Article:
The international airports of Batumi and Tbilisi are managed by the Turkish company TAV Airports Holding, which built them. The presence of Turkish business is noticeable in the energy, financial and other key sectors of the Georgian economy, which to a decisive extent depends on the smooth functioning of communication corridors along the East-West line. Recently, they have been supplemented by the Southern Gas Corridor for the delivery of “blue fuel” from the Caspian Shah Deniz field to the countries of southern Europe, which to some extent corrected the “energy map” of Eurasia.

The flip side of Georgia’s dependence on transit revenues has become a certain loss of sovereignty and national identity. So, for example, the virtually forbidden celebration of the Battle of Didgor, one of the key episodes in the medieval history of the Georgian kingdom, which sometimes successfully resisted the devastating raids of the Seljuk Turks, fell victim to the indestructible charm of Turkish “soft power”.

The results of the hostilities in Nagorno-Karabakh in the fall of 2020 gave rise to talks about the resumption of railway communication between Turkey, Nakhichevan autonomy and “mainland” Azerbaijan through the Meghri region, bordering Iran, in southern Armenia. Recently, Ilham Aliyev announced the beginning of the restoration of the railway line from Horadiz to the border with Armenia, which ceased to function and was partially dismantled during the “first Karabakh war” in the early 1990s. In fact, the steel mainline on the left bank of the Araks, the resumption of functioning of which, at best, can be expected in a few years, will mean a slight decrease in the importance of the “Georgian” transit for Ankara and Baku, but there is no doubt that the trilateral format of cooperation has already gained serious scope, and to abandon no one is going to existing developments.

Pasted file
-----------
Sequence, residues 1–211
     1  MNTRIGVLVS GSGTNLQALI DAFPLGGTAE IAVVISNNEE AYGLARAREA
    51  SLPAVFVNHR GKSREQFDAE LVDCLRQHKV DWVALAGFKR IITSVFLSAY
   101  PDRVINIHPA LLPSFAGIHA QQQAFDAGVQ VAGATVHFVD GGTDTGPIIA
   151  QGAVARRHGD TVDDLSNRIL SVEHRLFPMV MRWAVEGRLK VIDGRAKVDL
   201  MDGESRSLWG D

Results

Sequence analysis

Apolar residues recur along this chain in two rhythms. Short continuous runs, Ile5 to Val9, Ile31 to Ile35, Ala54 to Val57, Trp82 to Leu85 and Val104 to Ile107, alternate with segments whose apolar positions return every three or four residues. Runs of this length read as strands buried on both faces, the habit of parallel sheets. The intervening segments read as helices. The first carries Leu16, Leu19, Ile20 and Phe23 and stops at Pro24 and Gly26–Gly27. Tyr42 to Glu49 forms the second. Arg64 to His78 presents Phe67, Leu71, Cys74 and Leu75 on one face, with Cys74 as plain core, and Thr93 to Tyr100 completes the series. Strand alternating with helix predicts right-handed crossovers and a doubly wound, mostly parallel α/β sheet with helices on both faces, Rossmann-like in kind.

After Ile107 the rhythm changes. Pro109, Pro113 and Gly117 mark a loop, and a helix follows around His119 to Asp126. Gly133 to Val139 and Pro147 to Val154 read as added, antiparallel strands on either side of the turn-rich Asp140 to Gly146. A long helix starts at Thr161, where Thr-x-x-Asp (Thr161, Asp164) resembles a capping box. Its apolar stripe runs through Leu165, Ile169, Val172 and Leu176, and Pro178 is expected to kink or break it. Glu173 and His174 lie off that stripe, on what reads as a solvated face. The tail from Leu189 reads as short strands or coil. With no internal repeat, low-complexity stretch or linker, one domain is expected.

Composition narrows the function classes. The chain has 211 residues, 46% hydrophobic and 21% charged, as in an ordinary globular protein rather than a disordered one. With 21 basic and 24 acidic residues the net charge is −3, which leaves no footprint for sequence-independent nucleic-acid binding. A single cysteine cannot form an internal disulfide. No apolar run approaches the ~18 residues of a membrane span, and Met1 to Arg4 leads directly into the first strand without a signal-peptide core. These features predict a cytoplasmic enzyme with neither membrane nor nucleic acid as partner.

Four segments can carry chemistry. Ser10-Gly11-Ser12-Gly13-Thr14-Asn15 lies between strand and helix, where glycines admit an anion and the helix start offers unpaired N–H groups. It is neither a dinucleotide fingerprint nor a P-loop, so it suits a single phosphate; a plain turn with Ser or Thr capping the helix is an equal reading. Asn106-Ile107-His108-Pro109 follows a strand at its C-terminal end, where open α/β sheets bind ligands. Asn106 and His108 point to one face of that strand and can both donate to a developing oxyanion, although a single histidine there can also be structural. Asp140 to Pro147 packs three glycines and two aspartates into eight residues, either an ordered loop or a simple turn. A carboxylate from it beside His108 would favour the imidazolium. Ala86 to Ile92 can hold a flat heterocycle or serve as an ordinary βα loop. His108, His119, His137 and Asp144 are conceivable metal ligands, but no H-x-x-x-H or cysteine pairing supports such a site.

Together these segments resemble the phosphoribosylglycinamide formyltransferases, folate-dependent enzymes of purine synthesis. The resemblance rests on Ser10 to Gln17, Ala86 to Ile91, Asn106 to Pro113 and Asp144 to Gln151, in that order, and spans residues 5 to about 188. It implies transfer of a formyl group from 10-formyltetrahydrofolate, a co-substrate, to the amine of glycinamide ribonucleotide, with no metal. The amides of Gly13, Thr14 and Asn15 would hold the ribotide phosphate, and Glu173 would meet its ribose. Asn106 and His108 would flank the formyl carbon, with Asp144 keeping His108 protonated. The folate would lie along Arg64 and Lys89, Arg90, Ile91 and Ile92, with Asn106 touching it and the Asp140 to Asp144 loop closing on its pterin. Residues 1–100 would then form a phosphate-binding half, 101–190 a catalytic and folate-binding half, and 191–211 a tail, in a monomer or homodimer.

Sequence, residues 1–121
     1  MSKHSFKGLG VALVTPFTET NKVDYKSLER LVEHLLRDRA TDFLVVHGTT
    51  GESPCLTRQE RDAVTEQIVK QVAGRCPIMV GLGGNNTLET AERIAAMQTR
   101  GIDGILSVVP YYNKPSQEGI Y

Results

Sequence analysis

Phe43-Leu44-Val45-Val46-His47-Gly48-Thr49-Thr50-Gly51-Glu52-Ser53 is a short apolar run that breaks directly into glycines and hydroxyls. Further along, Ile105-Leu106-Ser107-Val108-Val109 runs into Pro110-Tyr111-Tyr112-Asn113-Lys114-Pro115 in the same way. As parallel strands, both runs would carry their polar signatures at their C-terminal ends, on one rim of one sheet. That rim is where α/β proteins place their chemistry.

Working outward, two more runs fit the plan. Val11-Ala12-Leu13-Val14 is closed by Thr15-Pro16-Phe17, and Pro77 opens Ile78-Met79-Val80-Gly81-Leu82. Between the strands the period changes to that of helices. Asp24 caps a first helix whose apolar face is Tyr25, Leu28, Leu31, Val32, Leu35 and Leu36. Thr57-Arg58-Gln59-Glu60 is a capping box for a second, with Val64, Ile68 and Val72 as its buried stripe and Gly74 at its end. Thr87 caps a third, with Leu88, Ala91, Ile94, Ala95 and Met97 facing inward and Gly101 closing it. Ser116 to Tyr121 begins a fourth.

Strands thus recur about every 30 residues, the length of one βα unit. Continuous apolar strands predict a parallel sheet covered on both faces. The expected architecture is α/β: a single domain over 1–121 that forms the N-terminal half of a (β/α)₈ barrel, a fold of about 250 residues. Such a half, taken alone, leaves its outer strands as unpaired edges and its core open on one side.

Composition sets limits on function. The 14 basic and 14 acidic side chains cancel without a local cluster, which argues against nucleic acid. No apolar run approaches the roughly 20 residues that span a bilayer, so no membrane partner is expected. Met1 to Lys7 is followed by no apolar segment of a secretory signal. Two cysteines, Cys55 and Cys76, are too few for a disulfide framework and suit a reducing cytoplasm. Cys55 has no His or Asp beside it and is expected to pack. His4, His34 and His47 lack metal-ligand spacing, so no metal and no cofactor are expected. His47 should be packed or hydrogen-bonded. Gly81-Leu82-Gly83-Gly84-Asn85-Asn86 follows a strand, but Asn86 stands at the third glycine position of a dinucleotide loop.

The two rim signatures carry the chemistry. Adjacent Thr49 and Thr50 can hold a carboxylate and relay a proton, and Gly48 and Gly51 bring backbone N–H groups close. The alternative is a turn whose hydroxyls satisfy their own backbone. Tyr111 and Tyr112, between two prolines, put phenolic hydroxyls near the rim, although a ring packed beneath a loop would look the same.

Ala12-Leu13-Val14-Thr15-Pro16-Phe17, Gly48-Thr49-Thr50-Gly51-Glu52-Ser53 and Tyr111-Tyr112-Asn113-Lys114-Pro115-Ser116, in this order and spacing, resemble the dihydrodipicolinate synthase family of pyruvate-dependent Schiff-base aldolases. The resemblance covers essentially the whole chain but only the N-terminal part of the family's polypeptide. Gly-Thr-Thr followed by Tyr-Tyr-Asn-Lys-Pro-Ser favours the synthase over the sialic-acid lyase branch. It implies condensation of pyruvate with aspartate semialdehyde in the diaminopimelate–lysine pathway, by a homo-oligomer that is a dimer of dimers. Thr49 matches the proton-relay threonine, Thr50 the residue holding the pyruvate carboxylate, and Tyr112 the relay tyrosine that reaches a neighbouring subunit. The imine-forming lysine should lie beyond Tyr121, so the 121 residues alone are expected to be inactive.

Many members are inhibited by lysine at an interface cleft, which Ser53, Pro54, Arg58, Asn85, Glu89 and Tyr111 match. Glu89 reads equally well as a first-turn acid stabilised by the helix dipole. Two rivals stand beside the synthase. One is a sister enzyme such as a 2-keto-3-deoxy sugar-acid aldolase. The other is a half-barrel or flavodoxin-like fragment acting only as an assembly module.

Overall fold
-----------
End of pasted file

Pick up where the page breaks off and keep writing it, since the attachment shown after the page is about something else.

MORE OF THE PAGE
Following a recent meeting of the intergovernmental commission, Turkish Vice President Fuad Ogtay and Azerbaijani Prime Minister Ali Asadov signed a 138-point Action Plan for the Development of Bilateral Relations, aimed at intensifying the dialogue and involving the implementation of new joint projects. A quick glance at the map of the region is enough to make sure that many of them, like those previously implemented, are directly related to the Georgian territory.

It is obvious that Tbilisi’s economic dependence on stronger neighbors could not help transforming into a political one, which is especially important after the breakdown of the status quo in the Caucasus with the actual leveling of the “Armenian factor” of regional politics and security following the joint military-political operation of Ankara and Baku.

Recently, President Erdogan put forward a model of regional integration in the format of the so-called “platform of six” (Azerbaijan, Turkey, Russia, Iran, Georgia and Armenia). Something similar, only without mentioning Iran, was proposed to them in the midst of the Georgian-Russian confrontation over South Ossetia in August 2008, but remained without consequences. It appears that the current initiative will suffer a similar fate.

“The sphere of our interests includes Iraq, Syria, Libya, Crimea, Karabakh, Azerbaijan, Bosnia and other fraternal regions. Many historians believe that the borders of Turkey should include Cyprus, Aleppo, Mosul, Erbil, Kirkuk, Batumi, Thessaloniki, Varna, Western Thrace and the Aegean Islands, “the Turkish leader said in October 2016, speaking in his” small homeland ” , at the University of Rize (highlighted by us – author). And recently, one of the Turkish TV channels recalled the forecast of the analytical center Stratfor regarding the expansion of Turkey’s influence on neighboring territories, including not only the Caucasus, but also the southern regions of Russia and the Donbass.

The obvious strengthening of Turkey’s positions in the Caucasus will inevitably present Russia, which has deployed a peacekeeping mission in Nagorno-Karabakh, new challenges, primarily in the security sphere.


Andrey Areshev, political scientist